20/05/2017
20 May 2017

The May manifesto

20 May 2017

The May manifesto

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Features
Fraser NelsonFraser Nelson
Red Theresa

Never has the Conservative party been more confident about winning a general election. Theresa May’s popularity ratings have broken all records; her aim in this campaign is not just to defeat the Labour party but to destroy it. The Tory MPs who talk about ten years in power are the more cautious ones; some talk about staying in government until the 2040s. The party’s name is seldom mentioned in this campaign.

Red Theresa
David Goodhart
Middle May

Once, politicians remained in their safe spaces and elections were fought in a handful of swing seats. This time Theresa May is campaigning in Labour heartlands, pitching herself at people who have never considered voting Conservative before. Tories are targeting seats they have not held since the 1930s and social class seems almost irrelevant. Pollsters YouGov recently observed that class now tells us ‘little more about a person’s voting intention that looking at their horoscope or reading their palms’.

Middle May
Quentin Letts
‘Our children are horrified’

Wrexham, North Wales  To window cleaner Andrew Atkinson, Theresa May’s ‘blue-collar Conservatism’ is not just a slogan. It’s what he is. For the duration of the general election, gap-toothed, 32-year-old Atkinson has hung up his chamois leathers and water-fed poles and taken to campaigning on doorsteps in a bid to become Wrexham’s first Conservative MP. The campaign is costing him a fortune in lost jobs.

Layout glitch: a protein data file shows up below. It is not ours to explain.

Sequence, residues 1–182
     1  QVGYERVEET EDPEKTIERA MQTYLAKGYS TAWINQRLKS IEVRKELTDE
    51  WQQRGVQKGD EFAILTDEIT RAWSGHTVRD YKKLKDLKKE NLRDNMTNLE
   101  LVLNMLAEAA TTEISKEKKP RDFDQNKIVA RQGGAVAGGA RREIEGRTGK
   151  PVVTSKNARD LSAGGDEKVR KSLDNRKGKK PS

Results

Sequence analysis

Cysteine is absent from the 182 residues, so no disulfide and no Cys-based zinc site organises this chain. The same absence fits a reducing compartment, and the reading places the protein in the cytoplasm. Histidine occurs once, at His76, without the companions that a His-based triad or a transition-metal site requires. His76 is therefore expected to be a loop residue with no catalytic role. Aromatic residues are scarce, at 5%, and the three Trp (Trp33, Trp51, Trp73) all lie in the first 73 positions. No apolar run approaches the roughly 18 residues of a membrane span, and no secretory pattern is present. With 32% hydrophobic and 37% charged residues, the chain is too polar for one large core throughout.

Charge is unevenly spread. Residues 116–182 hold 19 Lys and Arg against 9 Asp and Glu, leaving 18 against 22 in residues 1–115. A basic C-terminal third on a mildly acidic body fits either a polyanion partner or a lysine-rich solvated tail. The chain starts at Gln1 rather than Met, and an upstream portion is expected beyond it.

‘Our children are horrified’
Max Pemberton
This is an emergency

The NHS as we know it is dying. It’s no longer a matter of if it will collapse, but when. Those of us who work on the front line have known this for some time, and it’s heartbreaking. Last week’s ransomware cyber-attack served to highlight how frail and vulnerable the health service is. While many tried to blame Health Secretary Jeremy Hunt for failing to prevent such a disaster, the archaic IT system is actually emblematic of how the NHS as a whole has struggled to keep up to date and adapt to the modern world with the necessary speed.

This is an emergency
Jenny Coad
Throw in the towel

Spas are supposed to be relaxing. You pad around in a regulation robe and too-big slippers. Everything is beautifully soft, crisply white, low lit. There are loungers for flopping and glasses of tea —pale yellow and herbal, not builder’s. Towels are everywhere. It’s rehydrating, restful, rejuvenating. Music tinkles in the background; occasionally a cymbal resounds. The treatment list has huge promise.

Throw in the towel
James Bartholomew
Life in a gulag

I was invited to Moscow earlier this year to give a talk about my latest book. But while I was there, I wanted to see if I could track down a few survivors of the gulags — the prison work camps where millions died during the communist years. I wanted to film interviews with them to be used as exhibits in a museum of communist terror which I hope to help create. I asked Anne Applebaum, who wrote Gulag: A History of the Soviet Camps, if she could offer any advice on finding survivors.

Life in a gulag
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